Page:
Note that. Ideological conformity was a key criterion in his academic appointment. And that’s in Economics. Imagine Biblical Studies!
Within academic disciplines, knowledge-claims are socially validated through negotiation and eventual consensus among experts, with recognition and esteem accruing to those scientists who, in Merton’s words, “have made genuinely original contributions to the common stock of knowledge” (1957/1973: 293). Writing in the field of biology, Myers (1990) shows how knowledge-claims are negotiated and, thus, socially constructed through the peer-review process, with its characteristic exchange of referee comments and author revisions. He illustrates this by analyzing the transformation and ultimate denouement of two manuscripts, each of which was revised multiple times in response to referees’ criticisms before being accepted for publication. In doing so, he describes the negotiations that unfold as the manuscripts’ authors try to make their claims to originality as strong as possible and the referees attempt to place the authors’ assertions within a body of existing literature. Myers documents that such negotiations are flexible, but only within limits. Authors must claim some minimum level of novelty (or have their work dismissed as unoriginal). At the same time, however, if they venture too far beyond a discipline’s established knowledge structure, they risk the charge that their work is irrelevant to existing research and, thus, unworthy of publication.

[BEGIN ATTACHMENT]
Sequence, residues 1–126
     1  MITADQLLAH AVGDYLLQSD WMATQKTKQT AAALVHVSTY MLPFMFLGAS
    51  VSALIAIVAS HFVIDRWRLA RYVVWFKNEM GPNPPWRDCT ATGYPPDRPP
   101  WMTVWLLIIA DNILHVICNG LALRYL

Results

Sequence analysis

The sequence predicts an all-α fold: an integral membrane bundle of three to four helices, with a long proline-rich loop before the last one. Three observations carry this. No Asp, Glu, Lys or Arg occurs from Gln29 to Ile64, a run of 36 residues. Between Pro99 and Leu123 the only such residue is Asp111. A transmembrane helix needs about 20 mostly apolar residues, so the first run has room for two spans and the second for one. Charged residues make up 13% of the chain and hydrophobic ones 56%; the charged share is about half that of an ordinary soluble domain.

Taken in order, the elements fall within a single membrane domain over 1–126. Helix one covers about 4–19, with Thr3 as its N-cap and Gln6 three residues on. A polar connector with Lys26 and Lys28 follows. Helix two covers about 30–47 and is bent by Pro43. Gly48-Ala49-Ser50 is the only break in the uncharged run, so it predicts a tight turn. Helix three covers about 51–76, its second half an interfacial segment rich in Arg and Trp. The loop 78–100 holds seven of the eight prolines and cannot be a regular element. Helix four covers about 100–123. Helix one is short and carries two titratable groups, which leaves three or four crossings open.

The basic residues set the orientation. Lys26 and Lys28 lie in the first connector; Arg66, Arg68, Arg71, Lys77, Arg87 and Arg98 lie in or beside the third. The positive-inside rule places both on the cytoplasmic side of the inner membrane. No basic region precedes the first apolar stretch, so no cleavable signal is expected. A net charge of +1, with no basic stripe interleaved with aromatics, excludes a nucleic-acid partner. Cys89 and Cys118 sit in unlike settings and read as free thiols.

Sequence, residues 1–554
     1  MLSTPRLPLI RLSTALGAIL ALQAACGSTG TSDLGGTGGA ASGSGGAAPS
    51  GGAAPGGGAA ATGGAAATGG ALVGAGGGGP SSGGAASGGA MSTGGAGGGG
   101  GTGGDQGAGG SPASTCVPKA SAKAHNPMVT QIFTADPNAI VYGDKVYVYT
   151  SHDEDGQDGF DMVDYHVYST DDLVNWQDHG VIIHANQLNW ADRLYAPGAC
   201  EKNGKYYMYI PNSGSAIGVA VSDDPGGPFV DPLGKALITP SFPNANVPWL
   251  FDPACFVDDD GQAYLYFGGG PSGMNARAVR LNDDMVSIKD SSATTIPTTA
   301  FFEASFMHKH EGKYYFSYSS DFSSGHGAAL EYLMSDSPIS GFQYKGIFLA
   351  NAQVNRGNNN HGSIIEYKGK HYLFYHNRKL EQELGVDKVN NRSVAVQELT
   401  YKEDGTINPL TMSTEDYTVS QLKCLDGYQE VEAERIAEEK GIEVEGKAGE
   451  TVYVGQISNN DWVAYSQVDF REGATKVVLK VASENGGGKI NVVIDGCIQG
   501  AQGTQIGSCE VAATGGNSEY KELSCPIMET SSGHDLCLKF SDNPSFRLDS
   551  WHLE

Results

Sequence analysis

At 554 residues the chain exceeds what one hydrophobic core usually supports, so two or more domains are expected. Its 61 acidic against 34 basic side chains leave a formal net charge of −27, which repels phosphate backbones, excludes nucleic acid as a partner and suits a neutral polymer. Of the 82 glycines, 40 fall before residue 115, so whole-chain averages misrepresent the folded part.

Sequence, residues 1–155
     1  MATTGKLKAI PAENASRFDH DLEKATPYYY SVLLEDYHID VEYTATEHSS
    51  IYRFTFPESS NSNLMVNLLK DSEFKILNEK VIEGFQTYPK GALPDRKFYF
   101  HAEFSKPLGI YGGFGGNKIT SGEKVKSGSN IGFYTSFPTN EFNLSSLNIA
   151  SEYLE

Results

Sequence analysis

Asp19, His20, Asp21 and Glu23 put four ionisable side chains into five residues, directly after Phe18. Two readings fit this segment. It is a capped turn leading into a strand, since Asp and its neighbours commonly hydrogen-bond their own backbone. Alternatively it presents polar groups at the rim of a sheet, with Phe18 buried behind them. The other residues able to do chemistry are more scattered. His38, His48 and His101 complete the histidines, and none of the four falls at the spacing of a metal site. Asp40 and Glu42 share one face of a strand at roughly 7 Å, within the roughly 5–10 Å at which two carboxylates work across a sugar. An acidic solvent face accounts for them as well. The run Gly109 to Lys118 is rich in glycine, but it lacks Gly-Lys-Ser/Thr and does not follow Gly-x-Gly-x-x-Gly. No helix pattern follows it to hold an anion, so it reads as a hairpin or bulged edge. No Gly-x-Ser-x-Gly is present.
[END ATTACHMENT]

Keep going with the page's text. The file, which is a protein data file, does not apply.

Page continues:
Let’s bring in an example directly relevant to Jesus mythicism. Here is what Mike Bird, one of the editors of the academic Journal for the Study of the Historical Jesuswrote:
I serve on the editorial board for the Journal for the Study of the Historical Jesus, where we have an editorial team of people from all faiths and none, celebrated experts in their fields; and I can tell you that the Jesus mythicist nonsense would never get a foot in the door of a peer-reviewed journal committed to the academic study of the historical Jesus.